In recent years, the use of black cohosh (Actaea racemosa syn. Cimicifuga racemosa) has focused on its potential to relieve hot flashes associated with menopause. This is due to the content of phytoestrogens in the roots. The AHP monograph provides a comprehensive review of the clinical and preclinical studies supporting its effects. Many of these studies were translated from original German research never before available in English.
Of specific interest to many, is the monograph’s coverage of the controversy concerning black cohosh’s potential estrogenic activity, its appropriateness or inappropriateness in those with a history of breast cancer, its use in pregnancy, and its interaction with conventional medications such as tamoxifen (for a detailed discussion on phytoestrogens, see AHP’s Red Clover Monograph and Therapeutic Compendium).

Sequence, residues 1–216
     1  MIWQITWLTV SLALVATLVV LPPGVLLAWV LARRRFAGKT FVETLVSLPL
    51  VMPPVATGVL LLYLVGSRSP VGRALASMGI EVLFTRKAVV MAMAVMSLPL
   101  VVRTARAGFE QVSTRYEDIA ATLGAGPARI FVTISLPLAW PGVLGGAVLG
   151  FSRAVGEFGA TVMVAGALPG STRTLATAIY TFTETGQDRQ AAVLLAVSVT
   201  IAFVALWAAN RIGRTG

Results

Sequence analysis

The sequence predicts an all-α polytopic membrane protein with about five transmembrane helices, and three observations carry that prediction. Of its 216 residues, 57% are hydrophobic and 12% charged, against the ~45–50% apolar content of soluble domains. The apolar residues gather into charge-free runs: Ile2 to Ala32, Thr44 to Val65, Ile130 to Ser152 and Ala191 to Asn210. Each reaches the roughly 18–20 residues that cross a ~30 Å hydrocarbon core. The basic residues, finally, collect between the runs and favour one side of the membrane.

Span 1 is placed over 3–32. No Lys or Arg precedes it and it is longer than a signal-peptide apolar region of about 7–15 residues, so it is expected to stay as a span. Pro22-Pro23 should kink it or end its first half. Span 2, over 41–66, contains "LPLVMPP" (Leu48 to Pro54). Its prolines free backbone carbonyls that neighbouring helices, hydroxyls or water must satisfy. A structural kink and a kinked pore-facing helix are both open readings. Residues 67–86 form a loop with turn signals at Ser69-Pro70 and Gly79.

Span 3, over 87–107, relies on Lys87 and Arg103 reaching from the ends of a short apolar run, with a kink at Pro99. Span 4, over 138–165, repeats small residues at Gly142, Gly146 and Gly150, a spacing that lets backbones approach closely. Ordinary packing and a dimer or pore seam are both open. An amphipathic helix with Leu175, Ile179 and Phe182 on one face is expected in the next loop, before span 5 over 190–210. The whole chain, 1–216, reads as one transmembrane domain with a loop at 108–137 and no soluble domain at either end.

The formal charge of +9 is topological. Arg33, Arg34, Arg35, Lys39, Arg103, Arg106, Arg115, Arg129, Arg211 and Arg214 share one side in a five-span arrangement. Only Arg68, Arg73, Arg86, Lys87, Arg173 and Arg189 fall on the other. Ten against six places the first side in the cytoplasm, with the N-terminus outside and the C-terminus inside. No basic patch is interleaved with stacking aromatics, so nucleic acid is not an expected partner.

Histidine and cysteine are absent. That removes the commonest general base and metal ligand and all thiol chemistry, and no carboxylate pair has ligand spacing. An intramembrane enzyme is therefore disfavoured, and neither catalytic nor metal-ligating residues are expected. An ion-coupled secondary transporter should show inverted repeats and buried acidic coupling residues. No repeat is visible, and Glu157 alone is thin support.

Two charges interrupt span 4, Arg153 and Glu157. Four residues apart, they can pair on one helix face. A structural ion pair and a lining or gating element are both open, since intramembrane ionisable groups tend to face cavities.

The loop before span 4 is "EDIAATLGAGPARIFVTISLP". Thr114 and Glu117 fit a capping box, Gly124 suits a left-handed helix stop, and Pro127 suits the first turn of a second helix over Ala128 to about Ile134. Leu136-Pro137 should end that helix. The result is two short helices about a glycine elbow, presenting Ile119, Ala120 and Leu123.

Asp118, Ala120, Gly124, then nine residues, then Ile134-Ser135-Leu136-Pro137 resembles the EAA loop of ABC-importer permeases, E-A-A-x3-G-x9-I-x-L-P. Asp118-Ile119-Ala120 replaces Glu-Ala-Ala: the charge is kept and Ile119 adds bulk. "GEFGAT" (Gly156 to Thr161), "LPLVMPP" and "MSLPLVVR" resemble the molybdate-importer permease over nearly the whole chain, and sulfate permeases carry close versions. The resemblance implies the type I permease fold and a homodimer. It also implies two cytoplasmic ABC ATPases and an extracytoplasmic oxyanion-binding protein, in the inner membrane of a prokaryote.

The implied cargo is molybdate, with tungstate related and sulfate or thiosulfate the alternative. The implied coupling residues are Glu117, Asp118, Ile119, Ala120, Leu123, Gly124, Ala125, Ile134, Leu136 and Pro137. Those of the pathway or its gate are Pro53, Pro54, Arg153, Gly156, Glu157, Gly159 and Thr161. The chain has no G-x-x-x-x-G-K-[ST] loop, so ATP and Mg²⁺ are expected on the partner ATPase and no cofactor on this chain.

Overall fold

In addition to its use in menopause, black cohosh has been historically considered one of the most effective herbs for the relief of neuralgic and rheumatic pains, so much so that a common name was rheumatism weed. It is unfortunate that botanicals get limited to specific indications by market pressures.
There are considerable identity and adulteration issues that exist on the world market for black cohosh. It is very common for Asian species to be traded as “black cohosh” but only the North American Actaea racemosa can be marketed by this name.
Adding to the challenge is that Asian black cohosh is often adulterated with another species of herb known as Serratula. Moreover, adulteration with other species has led to concern regarding the potential for hepatotoxicity of purported black cohosh supplements. This has never been a recorded concern with authentic black cohosh, making it imperative to know how to differentiate the correct and adulterating species.